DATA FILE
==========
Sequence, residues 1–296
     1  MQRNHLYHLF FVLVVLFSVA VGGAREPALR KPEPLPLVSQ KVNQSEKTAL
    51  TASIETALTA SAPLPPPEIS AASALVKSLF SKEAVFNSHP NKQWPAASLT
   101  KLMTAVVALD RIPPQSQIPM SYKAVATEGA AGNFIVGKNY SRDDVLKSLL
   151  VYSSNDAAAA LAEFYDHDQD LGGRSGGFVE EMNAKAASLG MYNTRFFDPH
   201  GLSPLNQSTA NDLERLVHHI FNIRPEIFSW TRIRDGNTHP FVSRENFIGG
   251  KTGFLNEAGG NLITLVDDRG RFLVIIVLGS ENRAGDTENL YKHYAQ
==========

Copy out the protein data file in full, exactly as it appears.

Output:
Sequence, residues 1–296
     1  MQRNHLYHLF FVLVVLFSVA VGGAREPALR KPEPLPLVSQ KVNQSEKTAL
    51  TASIETALTA SAPLPPPEIS AASALVKSLF SKEAVFNSHP NKQWPAASLT
   101  KLMTAVVALD RIPPQSQIPM SYKAVATEGA AGNFIVGKNY SRDDVLKSLL
   151  VYSSNDAAAA LAEFYDHDQD LGGRSGGFVE EMNAKAASLG MYNTRFFDPH
   201  GLSPLNQSTA NDLERLVHHI FNIRPEIFSW TRIRDGNTHP FVSRENFIGG
   251  KTGFLNEAGG NLITLVDDRG RFLVIIVLGS ENRAGDTENL YKHYAQ